Really counts on your subject matter. If your doing figures, some 2’s, 3’s, and 5’s, quicksketches are good to warm up with. If doing environment some value thumbs are a good warm up.
For Environment thumbnailing
James Paick is always good. I’ve taken his environment class on CGMA and it helped a ton.
Intro to Compositions are interesting. I enjoyed his line theory. If you scroll down he has a FREE video to watch.
Also has a FREE Environment video to watch.
I enjoyed both these Etyan Zana videos. Also Etyan is incredibly adorable I found myself smiling many times through his videos.
Count really what your focusing on, if your focusing on getting values in, anatomy, or gesture. Watts tries combining all three. But sometimes does focus on one thing, really counts on what they are demoing on. Usually though it’s gesture, scaffolding/anatomy, lay-in/shadowmapping, then filling in tone. You can choose to focus on portraiture or full figure. Here’s some examples of quick sketches by the teachers.
vvv Essentially this but trying to consolidate the process in under 2-5 minutes.vvv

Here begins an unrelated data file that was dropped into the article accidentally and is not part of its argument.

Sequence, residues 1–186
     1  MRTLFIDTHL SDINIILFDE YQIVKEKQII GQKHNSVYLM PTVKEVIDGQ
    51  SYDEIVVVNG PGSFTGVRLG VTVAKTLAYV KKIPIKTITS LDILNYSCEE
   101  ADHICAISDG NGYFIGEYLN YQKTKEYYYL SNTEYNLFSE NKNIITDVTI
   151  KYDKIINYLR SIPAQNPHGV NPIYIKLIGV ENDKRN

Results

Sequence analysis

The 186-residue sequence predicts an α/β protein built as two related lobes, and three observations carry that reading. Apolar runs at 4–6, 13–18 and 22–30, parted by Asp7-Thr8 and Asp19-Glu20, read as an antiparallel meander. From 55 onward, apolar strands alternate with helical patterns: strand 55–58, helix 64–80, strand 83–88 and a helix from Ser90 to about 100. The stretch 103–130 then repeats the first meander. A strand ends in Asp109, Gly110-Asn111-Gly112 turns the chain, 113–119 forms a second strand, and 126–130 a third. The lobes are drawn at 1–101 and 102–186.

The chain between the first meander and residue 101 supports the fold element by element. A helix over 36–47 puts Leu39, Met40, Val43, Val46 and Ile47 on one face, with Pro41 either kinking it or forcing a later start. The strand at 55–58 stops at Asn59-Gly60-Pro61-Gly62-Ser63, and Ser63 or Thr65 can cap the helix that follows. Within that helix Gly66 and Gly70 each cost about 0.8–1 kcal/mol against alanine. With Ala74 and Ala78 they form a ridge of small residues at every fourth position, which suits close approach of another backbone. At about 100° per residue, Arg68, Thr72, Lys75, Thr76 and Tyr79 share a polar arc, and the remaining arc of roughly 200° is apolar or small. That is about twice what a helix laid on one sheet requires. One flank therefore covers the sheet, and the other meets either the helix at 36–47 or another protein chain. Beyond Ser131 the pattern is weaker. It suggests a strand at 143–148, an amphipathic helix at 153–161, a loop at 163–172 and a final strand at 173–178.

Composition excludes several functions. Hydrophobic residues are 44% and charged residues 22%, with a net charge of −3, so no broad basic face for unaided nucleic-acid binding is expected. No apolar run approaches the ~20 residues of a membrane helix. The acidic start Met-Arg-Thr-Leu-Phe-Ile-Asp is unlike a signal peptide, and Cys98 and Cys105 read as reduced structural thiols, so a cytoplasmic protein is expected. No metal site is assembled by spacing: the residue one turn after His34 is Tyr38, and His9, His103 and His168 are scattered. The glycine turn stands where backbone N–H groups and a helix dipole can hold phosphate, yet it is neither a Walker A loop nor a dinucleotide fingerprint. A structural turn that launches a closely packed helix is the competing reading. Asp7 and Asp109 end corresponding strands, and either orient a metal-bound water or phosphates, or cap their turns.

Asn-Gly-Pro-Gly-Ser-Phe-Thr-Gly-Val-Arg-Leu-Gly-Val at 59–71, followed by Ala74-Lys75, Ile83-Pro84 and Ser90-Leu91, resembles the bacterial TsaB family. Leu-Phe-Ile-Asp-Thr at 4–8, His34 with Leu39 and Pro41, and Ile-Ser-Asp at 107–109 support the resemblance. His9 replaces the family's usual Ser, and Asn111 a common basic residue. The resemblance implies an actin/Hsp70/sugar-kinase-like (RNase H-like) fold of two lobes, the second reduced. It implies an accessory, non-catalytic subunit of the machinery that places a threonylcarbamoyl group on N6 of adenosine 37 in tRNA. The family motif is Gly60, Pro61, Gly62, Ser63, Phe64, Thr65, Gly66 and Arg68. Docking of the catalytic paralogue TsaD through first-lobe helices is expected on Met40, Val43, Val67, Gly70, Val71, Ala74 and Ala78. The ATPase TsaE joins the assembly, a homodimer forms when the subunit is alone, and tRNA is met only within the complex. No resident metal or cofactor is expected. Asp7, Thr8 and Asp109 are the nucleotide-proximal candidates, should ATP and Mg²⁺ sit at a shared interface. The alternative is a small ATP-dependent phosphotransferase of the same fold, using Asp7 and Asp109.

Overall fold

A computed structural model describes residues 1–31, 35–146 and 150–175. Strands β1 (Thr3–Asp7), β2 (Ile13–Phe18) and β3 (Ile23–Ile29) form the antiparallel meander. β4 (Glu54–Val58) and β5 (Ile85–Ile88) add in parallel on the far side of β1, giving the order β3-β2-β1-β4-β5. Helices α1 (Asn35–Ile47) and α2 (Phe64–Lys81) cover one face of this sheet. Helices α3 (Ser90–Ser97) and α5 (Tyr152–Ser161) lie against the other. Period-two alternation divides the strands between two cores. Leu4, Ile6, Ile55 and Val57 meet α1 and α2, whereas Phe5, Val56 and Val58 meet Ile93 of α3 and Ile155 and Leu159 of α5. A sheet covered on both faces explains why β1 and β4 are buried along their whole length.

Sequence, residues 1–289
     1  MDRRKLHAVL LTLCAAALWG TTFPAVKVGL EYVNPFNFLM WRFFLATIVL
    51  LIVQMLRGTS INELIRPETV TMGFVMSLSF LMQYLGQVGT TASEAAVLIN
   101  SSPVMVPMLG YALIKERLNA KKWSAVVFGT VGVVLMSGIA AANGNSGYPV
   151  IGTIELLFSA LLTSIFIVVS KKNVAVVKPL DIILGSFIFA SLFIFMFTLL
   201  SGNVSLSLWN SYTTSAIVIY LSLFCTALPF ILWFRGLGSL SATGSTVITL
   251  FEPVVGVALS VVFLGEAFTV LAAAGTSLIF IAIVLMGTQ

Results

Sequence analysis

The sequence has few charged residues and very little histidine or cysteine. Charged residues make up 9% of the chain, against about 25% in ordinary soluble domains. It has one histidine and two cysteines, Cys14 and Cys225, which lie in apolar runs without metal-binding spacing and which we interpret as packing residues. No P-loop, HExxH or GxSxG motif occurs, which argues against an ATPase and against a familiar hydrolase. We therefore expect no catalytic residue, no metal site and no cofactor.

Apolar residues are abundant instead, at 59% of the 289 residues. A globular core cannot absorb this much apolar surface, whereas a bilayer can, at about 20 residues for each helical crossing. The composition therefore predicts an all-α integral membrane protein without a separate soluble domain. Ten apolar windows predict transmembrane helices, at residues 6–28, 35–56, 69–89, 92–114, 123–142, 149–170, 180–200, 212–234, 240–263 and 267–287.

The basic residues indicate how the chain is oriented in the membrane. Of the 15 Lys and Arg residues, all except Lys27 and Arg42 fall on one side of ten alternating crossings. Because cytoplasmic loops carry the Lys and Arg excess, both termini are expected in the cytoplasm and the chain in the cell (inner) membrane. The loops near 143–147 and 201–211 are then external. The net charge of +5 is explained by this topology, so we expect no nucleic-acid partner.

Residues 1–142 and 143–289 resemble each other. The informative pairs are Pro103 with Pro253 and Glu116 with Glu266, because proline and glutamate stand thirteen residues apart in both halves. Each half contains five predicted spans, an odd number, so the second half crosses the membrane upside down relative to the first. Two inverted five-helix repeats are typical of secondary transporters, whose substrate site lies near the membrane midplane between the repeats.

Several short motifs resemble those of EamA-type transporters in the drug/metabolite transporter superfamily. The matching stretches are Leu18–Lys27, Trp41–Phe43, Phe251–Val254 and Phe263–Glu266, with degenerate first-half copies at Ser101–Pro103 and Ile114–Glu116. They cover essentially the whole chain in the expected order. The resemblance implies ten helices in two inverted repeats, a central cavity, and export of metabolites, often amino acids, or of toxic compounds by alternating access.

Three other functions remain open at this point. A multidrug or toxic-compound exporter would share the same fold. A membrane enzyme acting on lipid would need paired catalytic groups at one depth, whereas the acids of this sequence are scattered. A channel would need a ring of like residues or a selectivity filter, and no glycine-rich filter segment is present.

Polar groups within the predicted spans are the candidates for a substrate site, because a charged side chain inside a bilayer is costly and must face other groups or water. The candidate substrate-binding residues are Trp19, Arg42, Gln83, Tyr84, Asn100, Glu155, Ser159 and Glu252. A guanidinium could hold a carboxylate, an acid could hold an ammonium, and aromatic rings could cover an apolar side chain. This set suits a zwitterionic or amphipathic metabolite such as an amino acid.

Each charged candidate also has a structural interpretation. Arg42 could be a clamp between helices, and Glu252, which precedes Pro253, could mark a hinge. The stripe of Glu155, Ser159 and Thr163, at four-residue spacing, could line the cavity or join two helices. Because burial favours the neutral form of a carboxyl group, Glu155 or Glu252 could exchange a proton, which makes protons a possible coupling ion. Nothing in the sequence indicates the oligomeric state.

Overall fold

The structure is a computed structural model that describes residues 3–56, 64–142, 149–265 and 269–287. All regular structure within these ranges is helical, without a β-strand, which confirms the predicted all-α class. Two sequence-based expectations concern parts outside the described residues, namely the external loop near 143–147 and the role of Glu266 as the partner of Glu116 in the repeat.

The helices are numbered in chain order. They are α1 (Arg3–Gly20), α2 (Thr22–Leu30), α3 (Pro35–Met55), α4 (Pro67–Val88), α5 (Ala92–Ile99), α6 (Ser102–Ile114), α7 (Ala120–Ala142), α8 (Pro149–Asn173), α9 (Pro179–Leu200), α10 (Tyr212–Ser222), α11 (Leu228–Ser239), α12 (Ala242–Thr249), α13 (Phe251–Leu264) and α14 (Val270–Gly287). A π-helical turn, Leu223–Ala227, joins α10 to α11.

John Park has a lot of great and quick processes for thumb nailing mechs and getting you to think outside the box some.
Usually speedpaints help in this area. Sijun used to be a big place for them, CFSL ( french) has a forum that’s pretty alive. There’s 2 speepainting facebook groups, Spitpaint which is 30 minutes and Super Speedpainting Funtimes which is 60 minutes. Many times people will post up their processes or brushes so keep an eye out.There are a couple groups that host them. I’m fond of Sparths speedpaints.
I’m not sure how long Robh Ruppel spends on his paintings but I really like the look of them.
Keep in mind what warm ups are. They are to reacquaint you with your process and get your legs moving again. It’s to help get all the rust out of your system. So try and keep things short.